An instant attraction formed between Julie D’Agostini and Joe Pirra as they stood “innocently checking one another out” in the airport in Rome. They were booked on the same flight back to the U.S., but instead of letting nature takes its course, Julie’s mother assumed control of the situation. “She blatantly asked if he was married or had kids,” says Julie, reliving her sheer embarrassment. But Joe didn’t seem to mind; he was as eager as Mrs. D’Agostini to get to know his fellow traveler.

After an extended long distance romance between Joe’s life in Chicago and Julie’s in Washington Township, MI, the time was right to put a welcome end to the back-and-forth. During the holidays, when Julie was visiting Joe, he suggested they take a breezy walk to enjoy the Windy City all dressed up in its Christmas splendor. When they arrived at Buckingham Fountain, glowing against a sparkling skyline, Joe asked Julie to start a new life with him in Chicago. “It was beautiful,” beams Julie. “I called my family Christmas morning and asked if they were getting ready for church—and if they would say a prayer for me and my fiancé. They started screaming.”

For both Julie and Joe, family is everything. So much so, actually, that it became the unspoken theme of their wedding and all its many decisions. They chose the Ritz-Carlton Hotel in Chicago because it was the exact balance of grandeur and comfort they wanted for the reception that would follow a very personal ceremony (in the church where Joe had once served as an altar boy). “Our wedding evolved into a very traditional, warm, family and friend-oriented weekend. It was about our union and being surrounded by those who care about us,” says Julie with a smile.

And during their vows, Julie and Joe’s bridal party surrounded the couple tightly to bear close witness to promises made to each other. Together, the bride and groom then read a beautiful prayer, asking for God’s blessing upon their marriage and listened as several relatives performed readings that clearly touched the congregation.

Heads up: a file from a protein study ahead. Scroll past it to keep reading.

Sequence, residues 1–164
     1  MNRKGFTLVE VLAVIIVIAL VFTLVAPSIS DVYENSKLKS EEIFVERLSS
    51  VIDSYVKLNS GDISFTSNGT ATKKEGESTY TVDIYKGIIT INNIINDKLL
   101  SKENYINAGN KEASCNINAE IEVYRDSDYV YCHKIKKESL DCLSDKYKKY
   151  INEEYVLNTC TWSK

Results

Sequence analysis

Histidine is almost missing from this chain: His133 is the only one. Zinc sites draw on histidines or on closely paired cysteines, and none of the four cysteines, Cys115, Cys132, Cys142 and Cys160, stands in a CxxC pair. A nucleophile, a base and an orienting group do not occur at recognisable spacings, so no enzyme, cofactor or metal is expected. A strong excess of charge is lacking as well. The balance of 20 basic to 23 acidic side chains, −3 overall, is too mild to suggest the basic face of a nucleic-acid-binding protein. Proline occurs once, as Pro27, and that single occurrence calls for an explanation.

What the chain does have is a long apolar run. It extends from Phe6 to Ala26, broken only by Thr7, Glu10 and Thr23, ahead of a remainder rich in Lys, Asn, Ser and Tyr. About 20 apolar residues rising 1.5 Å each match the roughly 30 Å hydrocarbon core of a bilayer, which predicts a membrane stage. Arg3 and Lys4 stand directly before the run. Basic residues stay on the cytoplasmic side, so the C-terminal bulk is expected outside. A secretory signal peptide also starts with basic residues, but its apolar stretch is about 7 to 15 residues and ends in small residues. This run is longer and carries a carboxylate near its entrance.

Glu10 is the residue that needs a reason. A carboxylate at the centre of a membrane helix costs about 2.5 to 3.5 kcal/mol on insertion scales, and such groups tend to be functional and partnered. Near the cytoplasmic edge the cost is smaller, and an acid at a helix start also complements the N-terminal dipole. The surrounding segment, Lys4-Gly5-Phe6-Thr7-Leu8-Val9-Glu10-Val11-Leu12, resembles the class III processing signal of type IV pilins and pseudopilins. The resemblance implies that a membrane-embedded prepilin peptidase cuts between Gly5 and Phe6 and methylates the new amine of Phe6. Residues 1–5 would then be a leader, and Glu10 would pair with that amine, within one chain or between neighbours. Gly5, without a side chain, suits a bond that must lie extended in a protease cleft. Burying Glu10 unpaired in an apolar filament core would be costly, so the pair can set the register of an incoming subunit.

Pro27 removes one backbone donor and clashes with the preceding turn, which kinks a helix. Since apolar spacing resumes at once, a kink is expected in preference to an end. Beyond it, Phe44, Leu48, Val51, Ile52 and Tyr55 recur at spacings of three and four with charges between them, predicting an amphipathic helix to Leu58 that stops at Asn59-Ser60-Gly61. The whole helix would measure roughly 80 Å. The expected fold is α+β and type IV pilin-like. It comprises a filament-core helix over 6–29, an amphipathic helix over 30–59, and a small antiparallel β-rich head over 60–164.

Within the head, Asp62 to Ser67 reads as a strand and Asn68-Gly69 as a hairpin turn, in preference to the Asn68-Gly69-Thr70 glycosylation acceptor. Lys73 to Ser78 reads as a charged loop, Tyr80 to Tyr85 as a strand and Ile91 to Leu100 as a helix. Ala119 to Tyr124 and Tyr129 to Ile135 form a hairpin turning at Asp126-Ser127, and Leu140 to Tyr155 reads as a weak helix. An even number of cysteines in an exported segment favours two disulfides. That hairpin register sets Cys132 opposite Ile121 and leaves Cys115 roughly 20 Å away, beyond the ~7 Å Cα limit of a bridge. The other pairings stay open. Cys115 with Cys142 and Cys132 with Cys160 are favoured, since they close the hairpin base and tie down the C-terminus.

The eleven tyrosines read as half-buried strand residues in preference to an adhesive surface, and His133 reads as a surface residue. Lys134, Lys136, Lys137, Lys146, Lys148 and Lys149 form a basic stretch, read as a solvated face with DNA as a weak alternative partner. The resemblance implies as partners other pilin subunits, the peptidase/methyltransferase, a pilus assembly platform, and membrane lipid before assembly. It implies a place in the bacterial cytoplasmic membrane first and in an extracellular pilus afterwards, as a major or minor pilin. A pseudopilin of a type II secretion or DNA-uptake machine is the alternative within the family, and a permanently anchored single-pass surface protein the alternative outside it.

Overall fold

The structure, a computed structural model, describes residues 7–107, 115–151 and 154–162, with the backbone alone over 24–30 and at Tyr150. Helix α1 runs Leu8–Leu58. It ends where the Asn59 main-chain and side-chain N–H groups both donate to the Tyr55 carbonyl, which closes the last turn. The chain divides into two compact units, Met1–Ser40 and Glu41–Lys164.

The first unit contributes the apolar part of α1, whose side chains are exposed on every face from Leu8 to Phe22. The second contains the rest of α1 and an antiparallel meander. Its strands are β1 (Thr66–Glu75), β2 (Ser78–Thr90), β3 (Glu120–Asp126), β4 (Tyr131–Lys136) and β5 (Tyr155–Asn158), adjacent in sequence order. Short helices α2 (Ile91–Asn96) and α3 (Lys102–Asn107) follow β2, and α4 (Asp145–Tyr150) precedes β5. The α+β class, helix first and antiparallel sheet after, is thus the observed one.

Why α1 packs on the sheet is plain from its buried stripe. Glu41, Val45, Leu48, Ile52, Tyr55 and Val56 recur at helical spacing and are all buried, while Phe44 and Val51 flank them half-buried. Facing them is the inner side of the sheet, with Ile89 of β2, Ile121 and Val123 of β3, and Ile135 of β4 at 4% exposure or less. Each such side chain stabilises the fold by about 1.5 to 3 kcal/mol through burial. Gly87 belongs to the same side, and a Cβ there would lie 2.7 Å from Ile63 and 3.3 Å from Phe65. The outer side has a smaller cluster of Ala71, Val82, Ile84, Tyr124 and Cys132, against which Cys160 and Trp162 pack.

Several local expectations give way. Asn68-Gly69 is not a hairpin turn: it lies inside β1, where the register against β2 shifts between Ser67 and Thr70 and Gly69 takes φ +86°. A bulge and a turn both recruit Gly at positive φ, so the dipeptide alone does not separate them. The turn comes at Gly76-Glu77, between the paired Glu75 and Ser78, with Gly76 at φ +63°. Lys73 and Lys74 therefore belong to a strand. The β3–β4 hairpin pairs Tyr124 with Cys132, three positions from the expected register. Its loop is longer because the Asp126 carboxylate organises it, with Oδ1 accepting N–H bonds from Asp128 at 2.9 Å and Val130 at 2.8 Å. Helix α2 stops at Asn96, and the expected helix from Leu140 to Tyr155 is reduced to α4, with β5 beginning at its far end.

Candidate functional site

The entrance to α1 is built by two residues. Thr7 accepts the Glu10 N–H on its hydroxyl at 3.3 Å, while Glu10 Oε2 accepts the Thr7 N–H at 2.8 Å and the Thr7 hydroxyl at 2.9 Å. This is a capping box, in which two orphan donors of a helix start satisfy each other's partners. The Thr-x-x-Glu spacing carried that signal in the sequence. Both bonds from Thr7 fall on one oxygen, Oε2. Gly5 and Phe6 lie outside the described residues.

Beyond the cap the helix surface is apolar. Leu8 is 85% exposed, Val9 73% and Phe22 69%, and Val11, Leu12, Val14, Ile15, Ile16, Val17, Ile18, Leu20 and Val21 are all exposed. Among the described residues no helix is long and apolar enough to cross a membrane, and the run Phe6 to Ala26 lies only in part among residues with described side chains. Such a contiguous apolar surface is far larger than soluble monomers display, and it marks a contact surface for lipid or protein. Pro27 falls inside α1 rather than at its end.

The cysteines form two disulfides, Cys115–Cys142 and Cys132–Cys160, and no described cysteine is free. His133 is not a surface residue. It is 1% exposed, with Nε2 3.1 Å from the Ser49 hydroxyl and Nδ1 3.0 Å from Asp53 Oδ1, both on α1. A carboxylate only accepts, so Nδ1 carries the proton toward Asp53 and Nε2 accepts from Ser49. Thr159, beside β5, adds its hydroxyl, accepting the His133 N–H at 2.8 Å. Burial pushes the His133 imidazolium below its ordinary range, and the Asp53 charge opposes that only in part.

Adding authentic Italian charm to the cocktail hour, an older gentleman singing and playing the accordion was a big hit with guests. In the ballroom, tables were adorned with graceful centerpieces made of grouped arrangements in low, antique-looking silver vessels that facilitated the flow of lively conversation. At each place setting, a bundle of Jordan almonds, a traditional wedding favor that Italians refer to as confetti, beckoned for a nibble. The odd number of sugar-coated almonds in each fabric pouch was indivisible, symbolizing the bond of marriage. Julie and Joe also gifted each guest with a bottle of imported Italian wine reminiscent of the red wine they love to share on cold Chicago evenings.

Julie’s father made a toast with another very special glass of wine that was made by his father before his death decades earlier. Joe kept his late nonno (grandfather) close throughout the day by carrying a coin he had given him, and which Joe made into a keychain, in his pocket. And as a tribute to their beloved sister and her new husband, Julie’s four sisters (she was the first to be married) created a film about how the couple fell in love. It began with footage of Mrs. D’Agostini at the airport in Rome, recounting the story of Julie and Joe’s first meeting and ended with warm wishes from relatives abroad that could not be there to celebrate with the couple.

Having changed into a strapless bustier from a top designed with long sleeves for the ceremony, Julie danced the night away with her new husband. Loved ones took breaks to enjoy the multi-course dinner, elegantly designed wedding cake and an array of confections in the dessert room that included “Grandma’s Cookies” personally baked by the bride and groom according to Julie’s grandmother’s age-old recipe.

And once the couple retired, Julie gave Joe a card which once again expressed her deep gratitude with one final reminder of how they came to be so blessed. “Inside was the original ticket stub from our American Airlines flight from Rome with the date and my maiden name,” recalls Julie. “He loved it.”